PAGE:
This small triangular area of Old Town is known as Little Amsterdam, and for good reason. The buildings on the left hand side are built in the traditional style of Amsterdam, evidenced by the ornate shape on the top. On the right-hand side, you will see more of the traditional Polish style of buildings.
Look for the large bell sculpture on the ground to mark the spot of Little Amsterdam. Beneath the bell lies the burial place of Daniel-Tiem, the sculptor responsible for casting the statue on top of Sigismund’s Column.
Touch the bell and make a wish. They say it will definitely come true!
5. Climb the Observation Tower
No visit to Warsaw is complete without a climb to the top the Observation Deck on St. Anne’s bell tower. It opens at 10am and visitors receive some of the best aerial views of Old Town.
The tower is located to the right hand side when facing Sigismund’s Column. You will climb up 150 stone steps to see the colorful Square below.
6. Visit the Warsaw Uprising Museum.
This museum is all about the Warsaw Uprising mentioned above, in the fall of 1944. The museum is housed in what was once a power station in the Wola district of Warsaw. There is a lot to see and learn here!
A theatre screening featuring footage collected by insurgents plays here, and you can see authentic before and after photographs of the city after this incident. If you want a deeper understanding of the city’s spirit, this is a must see.
7. Eat all of the Pierogis.
You can’t visit Poland without eating the most famous traditional dish! And in Poland, you can try so many different varieties for a very reasonable cost. These are served all over Old Town and beyond.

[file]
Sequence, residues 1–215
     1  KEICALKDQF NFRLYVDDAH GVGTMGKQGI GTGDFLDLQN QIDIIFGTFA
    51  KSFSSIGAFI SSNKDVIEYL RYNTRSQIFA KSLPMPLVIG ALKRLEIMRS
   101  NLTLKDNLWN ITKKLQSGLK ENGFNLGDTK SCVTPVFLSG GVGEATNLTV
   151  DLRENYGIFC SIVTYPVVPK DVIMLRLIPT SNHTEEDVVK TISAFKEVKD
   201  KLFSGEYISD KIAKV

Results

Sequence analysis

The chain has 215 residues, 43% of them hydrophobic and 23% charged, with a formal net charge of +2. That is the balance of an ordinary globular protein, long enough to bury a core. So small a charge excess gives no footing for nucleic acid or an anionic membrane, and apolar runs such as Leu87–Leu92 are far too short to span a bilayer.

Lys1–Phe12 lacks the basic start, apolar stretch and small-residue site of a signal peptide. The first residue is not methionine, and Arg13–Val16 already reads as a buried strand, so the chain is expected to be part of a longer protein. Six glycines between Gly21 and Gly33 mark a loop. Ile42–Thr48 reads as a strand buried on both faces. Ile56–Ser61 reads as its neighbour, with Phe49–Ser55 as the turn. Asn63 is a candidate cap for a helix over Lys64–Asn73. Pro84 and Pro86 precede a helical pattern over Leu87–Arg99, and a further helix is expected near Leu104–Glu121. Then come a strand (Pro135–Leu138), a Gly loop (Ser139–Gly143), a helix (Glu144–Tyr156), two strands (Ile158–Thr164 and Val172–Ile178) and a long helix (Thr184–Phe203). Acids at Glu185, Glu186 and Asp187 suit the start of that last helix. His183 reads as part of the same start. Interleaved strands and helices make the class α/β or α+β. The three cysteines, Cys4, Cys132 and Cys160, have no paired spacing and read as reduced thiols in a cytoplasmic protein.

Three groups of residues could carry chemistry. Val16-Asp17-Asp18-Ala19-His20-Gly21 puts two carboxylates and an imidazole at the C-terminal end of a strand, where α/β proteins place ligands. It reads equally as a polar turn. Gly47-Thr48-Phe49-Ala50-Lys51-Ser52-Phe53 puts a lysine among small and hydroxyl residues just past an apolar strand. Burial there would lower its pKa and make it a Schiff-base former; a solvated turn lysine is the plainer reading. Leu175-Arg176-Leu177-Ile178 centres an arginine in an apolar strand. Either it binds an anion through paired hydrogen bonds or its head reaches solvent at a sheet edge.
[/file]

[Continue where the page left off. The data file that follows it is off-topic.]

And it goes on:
Try potato and onion, or spinach and feta cheese, or mushroom pierogis. For the meat-eaters, you can get all manner of meat-fillings. And, you can even get sweet pierogis! Order them filled with currants or covered in cranberry sauce for a surprisingly delicious treat. Who knew!
8. Peruse the National Museum.
Warsaw’s National Museum is one of the largest museums in Poland and houses many historical artefacts from across the world. Think everything from Egyptian antiquities, Greek art and Roman artifacts, to name a few.
The museum has a hearty collection of Polish Medieval art from the 14th and 15th centuries, most of which were originally created for churches and cathedrals. Additionally, art lovers will recognize some of the most famous painters’ names from around the world.
9. Listen to an organ concert at St. John’s Cathedral.
St. John’s Cathedral stands out from neighboring buildings due to its less-than-traditional exterior. This is one of a few buildings found in Old Town that were not rebuilt in the original image.
The rooftop columns are visible from Royal Castle Square, so now that you know what to look for it will be easy to find.
St. John’s houses a powerful organ with exactly 4,301 pipes. It is expertly played each day at noon by organists Przemyslaw Kapitula and Andrzej Sochoki. Performances include music composed by Fryderyk Chopin and Warsaw’s own Mieczyslaw Surynski.
The show is fabulous – arrive at 12pm sharp with 25PLN on hand (or a bit over $5USD.)
Concert attendees get access to the vault and crypt in the basement after the show. You’ll see pre-war relics perfectly preserved due to their underground location. It is an interesting and haunting stop.
10. Walk around the Uprising Monument.
Another important place to visit in Warsaw is the historical Uprising Monument, which again is dedicated to the Warsaw Uprising of 1944.
This monument commemorates the hundreds of thousands of Poles who fought against Nazi forces in 1944. This location was once used by Polish fighters to escape from the Germans through a canal that lived in this very spot.